She is a competent person, thoroughly in command of her facts, and had hit on an ingenious solution to navigate the political challenge. This was to adopt a fatalistic acceptance that Brexit is going to happen, coupled with a vague hope that the length of the process might mean that things could improve over time.  She mentioned Jeremy Corbyn and his ambiguous stance just once. Her performance was capable but detached, almost an academic lecture, and offended nobody but it wholly lacked passion.  Brexit is bad but, like the weather, we should make the best of it.  Our local members seemed wholly satisfied with this defeatist attitude.  So long as Jeremy is not threatened, it seems they will go along with anything.

I can only say that this is simply not good enough.  A casual acceptance of something that will damage economic prospects for the next decade is a sign of a complete absence of political virility.   As we used to say on the football terraces, there is more life in a bottle of pop.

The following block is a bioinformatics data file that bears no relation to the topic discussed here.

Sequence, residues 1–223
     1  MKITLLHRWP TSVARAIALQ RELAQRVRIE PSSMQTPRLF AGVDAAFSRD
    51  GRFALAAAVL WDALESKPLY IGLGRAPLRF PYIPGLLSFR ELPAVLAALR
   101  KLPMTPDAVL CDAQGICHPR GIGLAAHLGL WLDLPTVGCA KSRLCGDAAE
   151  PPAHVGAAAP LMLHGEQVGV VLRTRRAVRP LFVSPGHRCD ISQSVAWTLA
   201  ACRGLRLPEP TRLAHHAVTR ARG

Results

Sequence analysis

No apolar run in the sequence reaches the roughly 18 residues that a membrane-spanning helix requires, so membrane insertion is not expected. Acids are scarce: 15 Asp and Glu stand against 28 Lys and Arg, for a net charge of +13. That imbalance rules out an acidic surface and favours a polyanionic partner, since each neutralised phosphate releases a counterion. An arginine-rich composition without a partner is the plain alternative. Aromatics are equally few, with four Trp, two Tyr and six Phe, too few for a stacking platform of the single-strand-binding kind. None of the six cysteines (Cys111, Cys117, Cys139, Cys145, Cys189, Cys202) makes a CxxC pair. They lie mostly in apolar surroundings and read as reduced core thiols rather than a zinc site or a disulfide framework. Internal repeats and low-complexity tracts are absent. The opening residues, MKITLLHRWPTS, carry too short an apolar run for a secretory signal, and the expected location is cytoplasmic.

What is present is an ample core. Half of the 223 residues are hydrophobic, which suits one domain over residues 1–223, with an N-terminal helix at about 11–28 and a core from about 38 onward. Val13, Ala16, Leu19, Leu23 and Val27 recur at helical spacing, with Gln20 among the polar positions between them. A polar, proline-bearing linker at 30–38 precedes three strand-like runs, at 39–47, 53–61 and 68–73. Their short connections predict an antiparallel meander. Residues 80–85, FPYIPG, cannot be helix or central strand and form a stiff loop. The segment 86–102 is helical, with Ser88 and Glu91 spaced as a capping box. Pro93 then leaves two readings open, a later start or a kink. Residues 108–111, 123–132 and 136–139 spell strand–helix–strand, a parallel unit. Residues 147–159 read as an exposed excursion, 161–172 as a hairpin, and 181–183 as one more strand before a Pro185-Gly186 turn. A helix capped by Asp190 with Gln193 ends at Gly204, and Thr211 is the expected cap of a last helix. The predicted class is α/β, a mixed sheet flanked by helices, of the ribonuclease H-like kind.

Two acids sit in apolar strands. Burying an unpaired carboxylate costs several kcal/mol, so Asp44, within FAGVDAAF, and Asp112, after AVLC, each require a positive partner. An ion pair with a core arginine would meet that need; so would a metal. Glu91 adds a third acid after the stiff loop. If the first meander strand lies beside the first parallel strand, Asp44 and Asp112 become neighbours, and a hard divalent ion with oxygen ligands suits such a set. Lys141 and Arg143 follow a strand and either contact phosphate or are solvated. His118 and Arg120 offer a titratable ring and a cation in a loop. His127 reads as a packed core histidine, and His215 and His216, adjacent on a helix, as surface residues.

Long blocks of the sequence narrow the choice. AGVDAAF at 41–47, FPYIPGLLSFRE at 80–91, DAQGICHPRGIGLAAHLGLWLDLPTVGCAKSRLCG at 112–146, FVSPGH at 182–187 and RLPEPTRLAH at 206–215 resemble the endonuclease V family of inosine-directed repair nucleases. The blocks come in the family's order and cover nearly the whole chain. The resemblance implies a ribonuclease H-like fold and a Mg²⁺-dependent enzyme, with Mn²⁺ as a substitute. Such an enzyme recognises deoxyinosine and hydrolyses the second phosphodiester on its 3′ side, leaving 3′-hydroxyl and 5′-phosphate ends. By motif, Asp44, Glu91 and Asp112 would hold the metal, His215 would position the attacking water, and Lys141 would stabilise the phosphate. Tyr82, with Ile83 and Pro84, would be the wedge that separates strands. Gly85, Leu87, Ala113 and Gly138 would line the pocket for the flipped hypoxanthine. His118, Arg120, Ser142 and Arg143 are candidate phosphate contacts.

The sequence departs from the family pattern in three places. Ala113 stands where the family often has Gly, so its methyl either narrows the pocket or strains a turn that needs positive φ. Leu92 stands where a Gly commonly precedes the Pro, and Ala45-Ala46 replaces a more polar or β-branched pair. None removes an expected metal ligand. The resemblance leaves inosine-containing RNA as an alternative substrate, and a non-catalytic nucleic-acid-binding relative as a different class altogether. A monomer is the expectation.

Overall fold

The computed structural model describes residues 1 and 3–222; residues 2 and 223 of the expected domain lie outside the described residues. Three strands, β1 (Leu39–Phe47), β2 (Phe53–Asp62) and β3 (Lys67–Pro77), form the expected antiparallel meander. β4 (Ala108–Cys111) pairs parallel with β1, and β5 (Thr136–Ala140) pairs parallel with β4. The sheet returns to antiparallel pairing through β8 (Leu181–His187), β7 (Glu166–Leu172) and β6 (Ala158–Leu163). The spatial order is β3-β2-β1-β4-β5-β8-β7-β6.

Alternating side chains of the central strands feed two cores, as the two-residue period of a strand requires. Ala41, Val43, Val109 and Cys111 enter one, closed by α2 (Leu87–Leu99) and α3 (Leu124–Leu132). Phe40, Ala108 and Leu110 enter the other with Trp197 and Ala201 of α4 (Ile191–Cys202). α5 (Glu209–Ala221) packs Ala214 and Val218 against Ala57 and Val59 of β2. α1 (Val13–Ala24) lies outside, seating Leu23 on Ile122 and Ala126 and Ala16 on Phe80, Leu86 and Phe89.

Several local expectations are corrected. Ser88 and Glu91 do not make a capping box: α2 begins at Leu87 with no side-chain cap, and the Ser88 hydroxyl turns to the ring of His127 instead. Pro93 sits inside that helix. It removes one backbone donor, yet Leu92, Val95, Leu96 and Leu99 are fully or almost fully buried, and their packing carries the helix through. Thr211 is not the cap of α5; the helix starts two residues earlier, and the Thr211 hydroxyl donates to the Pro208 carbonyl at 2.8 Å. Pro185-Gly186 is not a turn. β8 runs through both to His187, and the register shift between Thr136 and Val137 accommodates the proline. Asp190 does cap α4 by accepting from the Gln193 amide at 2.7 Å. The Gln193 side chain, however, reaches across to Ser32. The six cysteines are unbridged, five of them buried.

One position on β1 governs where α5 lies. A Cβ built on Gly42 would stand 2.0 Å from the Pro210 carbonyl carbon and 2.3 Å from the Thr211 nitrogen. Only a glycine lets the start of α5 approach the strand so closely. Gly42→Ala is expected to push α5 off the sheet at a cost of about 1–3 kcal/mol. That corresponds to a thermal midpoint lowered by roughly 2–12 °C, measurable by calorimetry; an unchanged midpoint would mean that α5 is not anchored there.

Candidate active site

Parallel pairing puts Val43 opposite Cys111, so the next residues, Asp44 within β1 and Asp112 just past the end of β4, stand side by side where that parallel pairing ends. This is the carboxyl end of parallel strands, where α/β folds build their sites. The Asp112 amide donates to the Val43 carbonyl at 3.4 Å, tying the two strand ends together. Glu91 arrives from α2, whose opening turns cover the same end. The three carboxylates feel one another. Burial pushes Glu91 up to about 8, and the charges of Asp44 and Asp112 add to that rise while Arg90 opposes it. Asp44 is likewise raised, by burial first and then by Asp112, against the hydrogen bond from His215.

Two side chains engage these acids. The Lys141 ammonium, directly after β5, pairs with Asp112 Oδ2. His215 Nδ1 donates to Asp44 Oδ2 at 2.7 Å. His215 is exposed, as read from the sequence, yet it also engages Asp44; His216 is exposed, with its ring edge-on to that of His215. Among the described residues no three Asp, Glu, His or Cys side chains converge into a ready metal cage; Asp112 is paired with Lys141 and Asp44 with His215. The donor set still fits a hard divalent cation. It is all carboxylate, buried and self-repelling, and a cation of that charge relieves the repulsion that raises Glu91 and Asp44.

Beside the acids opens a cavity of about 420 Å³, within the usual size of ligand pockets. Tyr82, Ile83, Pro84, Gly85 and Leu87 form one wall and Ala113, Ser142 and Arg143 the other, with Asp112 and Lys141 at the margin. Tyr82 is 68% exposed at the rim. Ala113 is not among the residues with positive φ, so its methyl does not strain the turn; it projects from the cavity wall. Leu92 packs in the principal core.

stop backing brexit

I do so hope that my mood will be lifted when I join with three generations of my family at the March for a People’s Vote on Saturday. Jeremy Corbyn should, of course, be leading this march.  Every local Labour Party should be out in the shopping centres and on the doorstep collecting signatures for a People’s Vote petition.  This would have massive long-term political advantages: it would consolidate the votes of many remainers who voted Labour in 2015 but are drifting away; Labour would be positioned at the centre of the debate on employment. Above all Jeremy Corbyn should be leading the march because it is the right thing to do.

 

I WILL NOW TAKE A BREAK FROM BLOGGING (though continuing to tweet at @eugrandparents).  If you would like to receive email notification of future blogs when I resume, please press the ‘followleftyoldman’ button on the left hand side above.